Open-ended survey questions

You included an open-ended question in your survey and now you have hundreds of responses to review. Don’t fall into the trap of letting a few random comments represent the spectrum of employee feedback. 

Instead, use a disciplined process to objectively categorize, sort and analyze responses. Here’s how:

1. Flag each response with a code: a word or simple phrase that summarizes the idea. For example, if a comment is about receiving too many emails, use the code "email overload" to categorize that response and responses that communicate a similar idea.

A few tips:

  • A response can be assigned more than one code. If an employee comments that she receives too many emails but also adds they should be shorter, you can use two codes: “email overload” and “shorter emails.”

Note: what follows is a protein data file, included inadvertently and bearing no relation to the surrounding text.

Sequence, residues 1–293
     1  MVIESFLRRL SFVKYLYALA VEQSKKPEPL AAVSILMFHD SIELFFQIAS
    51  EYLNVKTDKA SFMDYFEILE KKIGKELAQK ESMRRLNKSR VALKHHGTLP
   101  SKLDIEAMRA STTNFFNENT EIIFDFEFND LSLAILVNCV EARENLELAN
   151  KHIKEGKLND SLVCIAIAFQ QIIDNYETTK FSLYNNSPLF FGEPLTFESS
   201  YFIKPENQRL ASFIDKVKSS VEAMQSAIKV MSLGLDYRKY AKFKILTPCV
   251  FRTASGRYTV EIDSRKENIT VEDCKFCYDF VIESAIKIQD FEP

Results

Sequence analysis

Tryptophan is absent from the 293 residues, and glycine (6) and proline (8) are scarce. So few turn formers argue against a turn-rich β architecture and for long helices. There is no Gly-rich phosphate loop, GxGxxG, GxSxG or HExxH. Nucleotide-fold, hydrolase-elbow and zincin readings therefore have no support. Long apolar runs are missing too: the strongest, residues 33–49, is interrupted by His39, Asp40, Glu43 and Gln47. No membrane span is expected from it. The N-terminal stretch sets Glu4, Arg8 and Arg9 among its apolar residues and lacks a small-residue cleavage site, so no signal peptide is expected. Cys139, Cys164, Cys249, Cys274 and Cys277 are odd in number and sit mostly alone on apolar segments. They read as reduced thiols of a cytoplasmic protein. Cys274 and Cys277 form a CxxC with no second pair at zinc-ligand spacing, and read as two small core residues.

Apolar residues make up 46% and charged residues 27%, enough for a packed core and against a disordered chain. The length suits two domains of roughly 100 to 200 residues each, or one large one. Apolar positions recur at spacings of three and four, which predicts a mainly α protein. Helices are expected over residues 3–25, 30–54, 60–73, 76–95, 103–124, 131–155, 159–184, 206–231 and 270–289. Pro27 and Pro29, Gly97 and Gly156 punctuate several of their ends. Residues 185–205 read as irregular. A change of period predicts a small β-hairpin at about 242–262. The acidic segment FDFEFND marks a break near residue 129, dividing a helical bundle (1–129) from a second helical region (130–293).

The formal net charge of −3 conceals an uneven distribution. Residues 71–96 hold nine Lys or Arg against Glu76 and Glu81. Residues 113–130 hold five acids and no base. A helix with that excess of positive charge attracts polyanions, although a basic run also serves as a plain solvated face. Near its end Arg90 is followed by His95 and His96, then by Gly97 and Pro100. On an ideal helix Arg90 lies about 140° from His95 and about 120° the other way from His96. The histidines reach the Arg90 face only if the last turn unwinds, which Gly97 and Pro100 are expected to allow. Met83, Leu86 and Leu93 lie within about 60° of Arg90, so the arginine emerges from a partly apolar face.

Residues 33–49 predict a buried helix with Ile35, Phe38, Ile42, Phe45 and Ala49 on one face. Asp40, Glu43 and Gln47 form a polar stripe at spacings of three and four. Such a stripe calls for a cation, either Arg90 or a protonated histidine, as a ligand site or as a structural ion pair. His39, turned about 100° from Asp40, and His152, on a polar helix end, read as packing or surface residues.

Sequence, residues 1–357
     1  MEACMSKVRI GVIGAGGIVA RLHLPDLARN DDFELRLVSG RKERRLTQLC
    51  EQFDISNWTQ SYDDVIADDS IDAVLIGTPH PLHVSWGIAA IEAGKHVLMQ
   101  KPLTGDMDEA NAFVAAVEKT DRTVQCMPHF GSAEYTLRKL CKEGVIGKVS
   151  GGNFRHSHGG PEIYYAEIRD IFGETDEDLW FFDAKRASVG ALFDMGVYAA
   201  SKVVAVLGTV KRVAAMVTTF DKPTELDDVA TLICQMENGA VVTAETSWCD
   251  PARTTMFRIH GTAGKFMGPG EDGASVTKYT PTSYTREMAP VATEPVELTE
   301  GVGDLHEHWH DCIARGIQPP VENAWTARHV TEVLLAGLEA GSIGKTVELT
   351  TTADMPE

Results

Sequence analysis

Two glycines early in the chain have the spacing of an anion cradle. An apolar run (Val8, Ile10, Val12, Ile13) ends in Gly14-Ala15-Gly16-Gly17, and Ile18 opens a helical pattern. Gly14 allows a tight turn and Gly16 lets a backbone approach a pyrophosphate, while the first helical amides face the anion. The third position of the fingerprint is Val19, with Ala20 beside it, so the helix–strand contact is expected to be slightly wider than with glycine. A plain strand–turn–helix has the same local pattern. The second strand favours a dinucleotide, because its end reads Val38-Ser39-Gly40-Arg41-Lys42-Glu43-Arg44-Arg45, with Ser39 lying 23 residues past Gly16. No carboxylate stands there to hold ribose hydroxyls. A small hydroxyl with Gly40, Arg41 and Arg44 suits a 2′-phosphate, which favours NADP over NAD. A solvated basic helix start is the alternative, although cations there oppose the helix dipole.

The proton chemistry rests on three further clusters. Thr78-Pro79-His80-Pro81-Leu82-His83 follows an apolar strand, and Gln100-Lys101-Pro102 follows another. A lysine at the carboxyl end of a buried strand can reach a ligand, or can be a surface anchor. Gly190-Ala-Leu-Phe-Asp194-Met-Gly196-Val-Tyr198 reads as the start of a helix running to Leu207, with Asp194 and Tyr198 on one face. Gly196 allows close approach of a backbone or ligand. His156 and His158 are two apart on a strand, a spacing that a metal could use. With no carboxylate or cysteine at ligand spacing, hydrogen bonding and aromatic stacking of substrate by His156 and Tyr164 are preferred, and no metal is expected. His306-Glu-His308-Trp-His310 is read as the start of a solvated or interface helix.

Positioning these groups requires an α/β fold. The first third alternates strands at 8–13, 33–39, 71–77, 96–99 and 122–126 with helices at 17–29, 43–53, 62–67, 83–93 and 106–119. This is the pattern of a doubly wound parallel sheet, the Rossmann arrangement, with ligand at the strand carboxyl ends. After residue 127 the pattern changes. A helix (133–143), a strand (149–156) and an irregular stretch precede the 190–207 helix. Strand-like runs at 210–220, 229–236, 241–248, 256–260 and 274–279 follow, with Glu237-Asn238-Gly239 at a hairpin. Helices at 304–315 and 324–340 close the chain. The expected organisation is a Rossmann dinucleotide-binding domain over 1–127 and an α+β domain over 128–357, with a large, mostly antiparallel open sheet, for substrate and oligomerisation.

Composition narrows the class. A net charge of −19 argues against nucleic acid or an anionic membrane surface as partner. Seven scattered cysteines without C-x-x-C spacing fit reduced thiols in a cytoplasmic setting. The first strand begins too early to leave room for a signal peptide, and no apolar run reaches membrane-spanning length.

• Instead of starting with a pre-determined list of codes, let the responses tell you what’s important—add to your list of codes as you go.
  • Be consistent. For example, if you use the code "email overload" once, keep using it. Don’t mix it up by adding "fewer emails" to your list of codes.
  • There are many ways to code responses, but we usually use one of two: a) print the responses and write in the margins, b) use qualitative analysis software (our fav is  HyperRESEARCH™)

2. Tally the number of times each code appears to determine key themes. This is the best way to determine the top three or five, rather than focusing on one or two powerful comments.

3. Now pick a few quotes to represent each of your key themes. They’ll bring your findings to life in the report. For example, if your theme is “Employees find communication too complex,” a supporting quote form an employee might be “Messages are confusing and too long to read.”

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